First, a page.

Keith handled his chemotherapy with his usual humour and looked forward to seeing the nurses at the chemo unit. He would always try and take a treat for them and cakes and chocolate were often handed out as a thank you.
He was so grateful for the care and treatment he received and truly believed that each and every member of staff was important, from the cleaners to the head surgeons and oncologists.
There was a huge amount of support from the Oncology and Stoma nurses and Keith thought the world of them. This was so important when his initial treatment finished as suddenly he was responsible for his own health again, something we both found a tad frightening. And, as his health deteriorated, the support became more important and meant so much.
We both had our fair share of ill health and in 2014 I was diagnosed with breast cancer. Keith was there for me throughout. He took me to my appointments with the surgeon and oncologist and cared for me after every course of treatment.
The last seven years were the happiest of our relationship; we realised how important we were to each other and our love pulled us through some very tough times. Life didn't stop it just changed and the simple things in life were more important to us. We still had holidays when our health was good and managed a trip to Scotland last year, a trip that Keith badly wanted to do. We had a wonderful week and thankfully his health held up.
Keith saw the good in everyone and made friends easily. He wanted to give something back and became involved with the Cornwall Bowel Cancer Support Group where he made some very special friends. He also saw the gap in care for prisoners with cancer and realised how important it was that there be some sort of support for all survivors, espeicially those who had no family or friends.
In August 2017, Keith was told that the cancer had come back and there was nothing more that could be done. He accepted his lot in his usual way, and decided he was going to plan his funeral to make things easier for me. We would make the most of the time we had left.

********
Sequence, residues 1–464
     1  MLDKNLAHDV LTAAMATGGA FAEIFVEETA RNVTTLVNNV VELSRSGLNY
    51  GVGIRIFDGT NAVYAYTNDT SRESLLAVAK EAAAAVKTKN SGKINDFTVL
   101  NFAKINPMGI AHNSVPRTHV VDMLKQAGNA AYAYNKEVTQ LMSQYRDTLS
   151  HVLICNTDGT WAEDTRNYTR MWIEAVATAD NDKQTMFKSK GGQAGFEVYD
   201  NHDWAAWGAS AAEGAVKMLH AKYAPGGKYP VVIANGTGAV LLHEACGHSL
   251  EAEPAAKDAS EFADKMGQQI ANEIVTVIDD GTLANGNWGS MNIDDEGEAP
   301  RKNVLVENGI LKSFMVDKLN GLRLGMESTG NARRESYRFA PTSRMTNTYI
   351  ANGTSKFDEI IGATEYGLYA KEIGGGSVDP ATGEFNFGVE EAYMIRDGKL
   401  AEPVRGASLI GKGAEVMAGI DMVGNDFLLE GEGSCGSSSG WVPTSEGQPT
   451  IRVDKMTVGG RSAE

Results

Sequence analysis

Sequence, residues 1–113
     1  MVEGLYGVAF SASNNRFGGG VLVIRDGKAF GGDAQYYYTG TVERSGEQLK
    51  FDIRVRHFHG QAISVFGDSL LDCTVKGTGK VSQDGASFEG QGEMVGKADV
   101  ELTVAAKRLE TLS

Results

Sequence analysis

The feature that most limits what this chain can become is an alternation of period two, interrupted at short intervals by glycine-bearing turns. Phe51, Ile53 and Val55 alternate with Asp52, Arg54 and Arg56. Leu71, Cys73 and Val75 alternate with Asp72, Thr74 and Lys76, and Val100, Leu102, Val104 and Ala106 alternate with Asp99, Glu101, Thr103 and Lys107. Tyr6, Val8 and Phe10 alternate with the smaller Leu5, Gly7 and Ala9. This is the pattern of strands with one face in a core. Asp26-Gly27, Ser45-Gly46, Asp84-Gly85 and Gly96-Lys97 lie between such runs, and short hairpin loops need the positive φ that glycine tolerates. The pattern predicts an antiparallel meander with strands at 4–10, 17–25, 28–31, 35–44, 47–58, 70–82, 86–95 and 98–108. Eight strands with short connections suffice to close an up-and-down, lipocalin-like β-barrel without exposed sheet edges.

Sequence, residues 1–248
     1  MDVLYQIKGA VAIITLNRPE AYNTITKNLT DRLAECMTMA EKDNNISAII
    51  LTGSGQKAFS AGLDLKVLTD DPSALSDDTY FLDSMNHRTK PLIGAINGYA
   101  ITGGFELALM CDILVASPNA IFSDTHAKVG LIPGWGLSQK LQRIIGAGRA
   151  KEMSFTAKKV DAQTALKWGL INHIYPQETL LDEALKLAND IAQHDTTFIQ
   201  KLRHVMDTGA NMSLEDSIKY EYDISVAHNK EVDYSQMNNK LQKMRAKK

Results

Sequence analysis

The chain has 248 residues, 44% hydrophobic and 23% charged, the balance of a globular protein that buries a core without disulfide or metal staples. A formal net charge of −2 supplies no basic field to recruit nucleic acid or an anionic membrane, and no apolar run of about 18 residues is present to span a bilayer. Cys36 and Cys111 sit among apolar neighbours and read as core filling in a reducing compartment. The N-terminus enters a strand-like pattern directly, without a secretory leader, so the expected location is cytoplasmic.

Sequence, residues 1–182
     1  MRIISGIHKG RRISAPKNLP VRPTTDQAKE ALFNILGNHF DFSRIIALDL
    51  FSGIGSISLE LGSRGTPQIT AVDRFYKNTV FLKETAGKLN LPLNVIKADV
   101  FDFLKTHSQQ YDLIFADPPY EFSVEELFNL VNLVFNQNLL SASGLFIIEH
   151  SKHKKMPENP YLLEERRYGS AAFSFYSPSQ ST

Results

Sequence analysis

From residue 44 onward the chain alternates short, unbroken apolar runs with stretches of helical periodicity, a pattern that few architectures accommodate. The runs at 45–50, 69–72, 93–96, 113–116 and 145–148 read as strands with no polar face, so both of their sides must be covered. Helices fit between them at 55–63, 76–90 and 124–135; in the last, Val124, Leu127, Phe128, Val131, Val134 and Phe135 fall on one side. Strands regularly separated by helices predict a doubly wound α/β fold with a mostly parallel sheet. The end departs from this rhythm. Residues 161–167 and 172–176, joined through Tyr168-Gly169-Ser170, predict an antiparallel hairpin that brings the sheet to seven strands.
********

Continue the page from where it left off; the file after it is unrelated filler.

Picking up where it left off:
Keith spent the last three weeks of his life in St. Luke's Hospice, Plymouth. He was there for pain management and was expected to return home, but sadly developed pneumonia, which was one battle too many. He was so happy and content at St. Luke's and kept everyone up to date with his daily blogs. I am sure he felt safe and secure there and it seemed as though the weight of the world had been lifted from his shoulders. It gave him time and space to contemplate life and to come to terms with his prognosis. I will never be able to thank St. Luke's enough for the care and support given to both Keith and I during his final days.
The Plymouth Bowel Cancer Support Group was set up in 2017 and the membership is growing. Keith would have been so pleased to know that the group is providing the support he envisaged.
As a close friend said, " Keith was too busy to die." He had several projects on the go which he would have dearly loved to have seen through to fruition.
There is definitely life after bowel cancer diagnosis and life is for living, something Keith did to the max.
I have written this in memory of my partner Keith Anderson.
" Those we love can never be more than a thought away.....for as long as there's memory, they live in our hearts to stay."